How To Introduce Your Baby to Cups and Beakers

Wondering how to introduce your little one to a cup? Here's some information that might help!

Has your baby begun to steadily grab items all by himself? Well, it’s a big steppingstone and probably an indication that it’s time for your little one to ditch the bottle and start drinking from a cup. Graduating your kid from a bottle to a cup may seem like an impossible transition. But trust us, if done right, it can go smoother than you think. Plus, your baby learning to drink from a cup is an indication that he is growing and thriving.

Prolonged bottle-feeding doesn’t only limit your baby’s ability to learn essential skills but also affects his dental health. Both formula milk and breast milk contain lactose, which can hang around your baby’s growing teeth and gums and cause tooth decay. Beakers or sippy cups will allow your baby to rely less on sucking, and this will prevent any potential damage to their teeth.

Why prolonged bottle use is a bad idea?

Many experts advise parents to start transitioning their little ones to cups as soon as they turn 1, and completely ditch the bottles when they are eighteen months old. Prolonged use of bottles can cause many problems, including:

· Obesity. Prolonged bottle use alongside supplementary food can add several calories to your child’s diet. Studies conclude that babies who feed through bottles at age 2 are more likely to become obese by age six.

· Difficulty in the weaning process. Too much attachment of a child to the bottle can make weaning very difficult for him.

· Palate formation and altered tooth positioning, because sucking from the bottle can significantly hinder oral development.

· Picky eating habits, because bottle-feeding can often make your child refuse other food items.

At what age should you introduce cups?

It’s best if you determine the right time to introduce cups through key development markers rather than age. For instance, if your child can sit up properly unassisted, it’s time to start their transition! Babies are usually 6-9 months old when this phase starts. At this stage, their neck muscles are building, and they are using this newfound ability to move independently and grab items. These signs clearly indicate that they are ready to learn something new.

No matter at what age you decide to graduate your child to cups, bottle feeding should be completely ditched before they turn two.

What kind of cup should you use?

Beaker, juice cups, free flow cups, open cups, sippy cups—there are a lot of names, and it is easy to get confused. But look at the bright side, you have a variety of options, and you can pick and choose whatever your kid likes.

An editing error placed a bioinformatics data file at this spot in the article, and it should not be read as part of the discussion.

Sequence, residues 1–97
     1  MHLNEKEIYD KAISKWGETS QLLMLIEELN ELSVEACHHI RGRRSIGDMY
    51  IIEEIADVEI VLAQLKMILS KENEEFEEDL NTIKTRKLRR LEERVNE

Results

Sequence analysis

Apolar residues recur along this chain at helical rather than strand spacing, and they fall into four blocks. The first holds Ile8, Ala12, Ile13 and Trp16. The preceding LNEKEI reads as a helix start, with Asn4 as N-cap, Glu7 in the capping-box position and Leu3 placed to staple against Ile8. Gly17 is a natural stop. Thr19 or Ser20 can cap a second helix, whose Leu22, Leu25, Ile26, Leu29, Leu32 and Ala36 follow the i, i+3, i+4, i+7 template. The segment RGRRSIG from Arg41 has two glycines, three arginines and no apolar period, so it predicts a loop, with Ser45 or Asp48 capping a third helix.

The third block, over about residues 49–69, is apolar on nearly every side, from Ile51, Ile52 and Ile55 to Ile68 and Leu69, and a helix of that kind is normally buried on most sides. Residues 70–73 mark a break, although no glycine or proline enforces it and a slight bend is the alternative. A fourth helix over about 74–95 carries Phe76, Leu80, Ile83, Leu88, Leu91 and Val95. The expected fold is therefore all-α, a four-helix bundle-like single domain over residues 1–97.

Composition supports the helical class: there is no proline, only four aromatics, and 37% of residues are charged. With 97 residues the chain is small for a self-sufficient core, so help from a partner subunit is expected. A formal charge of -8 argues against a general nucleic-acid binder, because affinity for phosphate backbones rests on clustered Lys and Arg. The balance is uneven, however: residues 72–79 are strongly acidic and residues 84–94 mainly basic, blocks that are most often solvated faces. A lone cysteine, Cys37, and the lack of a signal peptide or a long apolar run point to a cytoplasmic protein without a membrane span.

We strongly recommend trying a few before you settle on anything. This will help you identify what your baby likes. But always look for something that’s light and easier to hold

Some cups are specially designed with straws and flip-up sprouts to help your baby with the transition. But experts usually recommend the use of sippy cups and open cups. Both are suitable for babies under age 1.

According to the American Academy of Pediatrics, parents should start with a sippy cup and slowly transition to an open cup (two Handled cups) when their babies are 12-18 months old.

Here are a few things about each type of cup to help you decide how to begin.

Sippy Cups

· Prevent spillage

· Portable

· Still requires sucking which can cause tooth decay

· Prolonged use of sippy cups can lead to improper swallowing development

Open Cups

· Aid mature swallowing habits

· Eliminate the need for repeat transition

· Limit between-meal drinking

How To Introduce Your Baby to Cups

Start with a dry run

In the start, it's all about getting your child familiar with the cup, and this stage of transition should include no liquid. Start by giving your child an empty open cup or sippy cup and see how they react. Get them familiar with the cup by giving it to them as a toy, and later, try teaching them how to take it to their mouth. Take the cup yourself and pretend as if you are drinking through it. The “cheers” action might also help here.

Try getting your baby cups matched with their favorite toys. This will also make your child interested in the cup.

Add some liquid

As soon as your little one becomes familiar with his new cup, you can begin to fill it with small amounts of water, juice, or milk. Hand them the cup while you are feeding them solid food. Remember that at this point, you are not trying to replace their bottle-feed, you are just taking your child one step ahead and teaching them something new.

Start to swap

After your baby is comfortable enough with the cup, try swapping their bottles for a cup. Don't do the swapping during their main mealtime but do this at midday or any other time when your baby doesn't consume large portions of milk. Repeat this for at least a week until your child masters the midday transition. Once you are done with the one-time transition, swap another of their bottle-feed with a cup. Slowly continue to replace each one of their bottle feeds with a cup until they completely ditch the bottles.

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